Former director of public prosecutions Lord Macdonald has warned of the “dangerous” impact of spending cuts on the Crown Prosecution Service.
The CPS — the principal prosecuting authority for England and Wales — has seen its budget reduced by 25% since 2010, with staff numbers down by almost 2,500 over the period.
Speaking to the BBC’s File On 4, Lord Macdonald — who served as the head of the CPS from 2008-2009 — warned that cuts could be undermining the ability of the DPP to attract "first-rate advisers". The claims have been strongly rejected by current CPS chief Alison Saunders, who on Tuesday evening paid tribute to the organisation's "dedicated and highly professional staff".
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Lord Macdonald told File on 4: “It’s inevitable when you’re going through a process of serious cuts in an organisation which is expected to retain the highest quality front-line service that some of the headquarters functions — the policy functions, the legal advice functions - are going to suffer. And I think that’s a dangerous situation,” he told the programme.
Nazir Afzal, the former chief crown prosecutor for north-west England, told File on 4 that the organisation had reached a "tipping point" and was now asking "less experienced" officials “to do more with substantially less".
The FDA union's national officer for the CPS Jawad Raza said staff were "working longer hours, dealing with greater numbers of cases and having less time per case".
But the programme's claims were rejected by current DPP Alison Saunders, who said that while there were "pressures" on the CPS, its "record of delivering justice for the public speaks for itself".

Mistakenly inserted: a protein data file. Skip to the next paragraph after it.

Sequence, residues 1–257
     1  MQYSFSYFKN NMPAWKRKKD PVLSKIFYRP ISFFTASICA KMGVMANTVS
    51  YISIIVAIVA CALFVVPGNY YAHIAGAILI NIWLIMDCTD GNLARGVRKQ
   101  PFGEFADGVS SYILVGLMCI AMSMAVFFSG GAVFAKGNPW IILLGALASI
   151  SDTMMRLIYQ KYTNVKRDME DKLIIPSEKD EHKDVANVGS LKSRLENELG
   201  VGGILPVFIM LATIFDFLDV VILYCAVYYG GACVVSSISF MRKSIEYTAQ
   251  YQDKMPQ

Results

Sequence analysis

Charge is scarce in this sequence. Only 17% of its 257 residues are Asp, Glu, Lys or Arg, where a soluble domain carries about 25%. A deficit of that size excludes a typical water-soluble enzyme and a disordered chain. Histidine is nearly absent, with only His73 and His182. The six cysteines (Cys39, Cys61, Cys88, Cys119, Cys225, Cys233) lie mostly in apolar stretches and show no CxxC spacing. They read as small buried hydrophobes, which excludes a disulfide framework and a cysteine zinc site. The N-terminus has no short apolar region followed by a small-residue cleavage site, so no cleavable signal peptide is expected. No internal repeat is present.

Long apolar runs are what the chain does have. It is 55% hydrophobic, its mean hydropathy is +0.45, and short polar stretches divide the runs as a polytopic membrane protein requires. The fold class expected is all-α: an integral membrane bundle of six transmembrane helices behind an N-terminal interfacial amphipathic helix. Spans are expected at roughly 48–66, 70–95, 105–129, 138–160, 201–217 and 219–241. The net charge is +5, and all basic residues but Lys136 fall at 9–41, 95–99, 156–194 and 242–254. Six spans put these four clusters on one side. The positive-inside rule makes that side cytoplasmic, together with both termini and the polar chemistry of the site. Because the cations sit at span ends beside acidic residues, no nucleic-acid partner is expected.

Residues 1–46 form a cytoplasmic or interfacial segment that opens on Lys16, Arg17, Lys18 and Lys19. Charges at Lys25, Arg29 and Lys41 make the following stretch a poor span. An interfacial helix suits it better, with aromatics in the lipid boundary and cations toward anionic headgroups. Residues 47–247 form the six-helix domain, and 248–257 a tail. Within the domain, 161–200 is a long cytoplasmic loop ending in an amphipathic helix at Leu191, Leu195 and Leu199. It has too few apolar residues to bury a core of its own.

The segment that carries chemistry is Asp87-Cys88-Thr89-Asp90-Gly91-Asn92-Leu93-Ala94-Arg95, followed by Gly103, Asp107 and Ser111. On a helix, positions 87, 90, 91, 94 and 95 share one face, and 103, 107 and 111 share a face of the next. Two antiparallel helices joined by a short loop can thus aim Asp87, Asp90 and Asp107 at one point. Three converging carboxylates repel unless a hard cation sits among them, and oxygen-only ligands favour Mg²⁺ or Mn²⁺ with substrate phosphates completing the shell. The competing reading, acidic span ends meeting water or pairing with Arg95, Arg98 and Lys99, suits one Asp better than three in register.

"The overall conviction rate has been maintained at more than 80% and last year we secured more convictions for sexual offences – some of the most difficult and resource intensive cases to prosecute – than any year on record," Saunders said in a statement issued on Tuesday evening.
"More defendants are also pleading guilty which shows we are making the right decisions and building strong cases. That is not to say there are not pressures, but our dedicated and highly professional staff work extremely hard to maintain this performance – particularly in the past year when the nature of our cases has changed dramatically, with unprecedented rises in counter terrorism and sexual offences. This does present a challenge and that is why we are recruiting additional prosecutors to maintain our high performance under this changing landscape.”
Update: This article was updated on September 15 to include a more detailed response from the CPS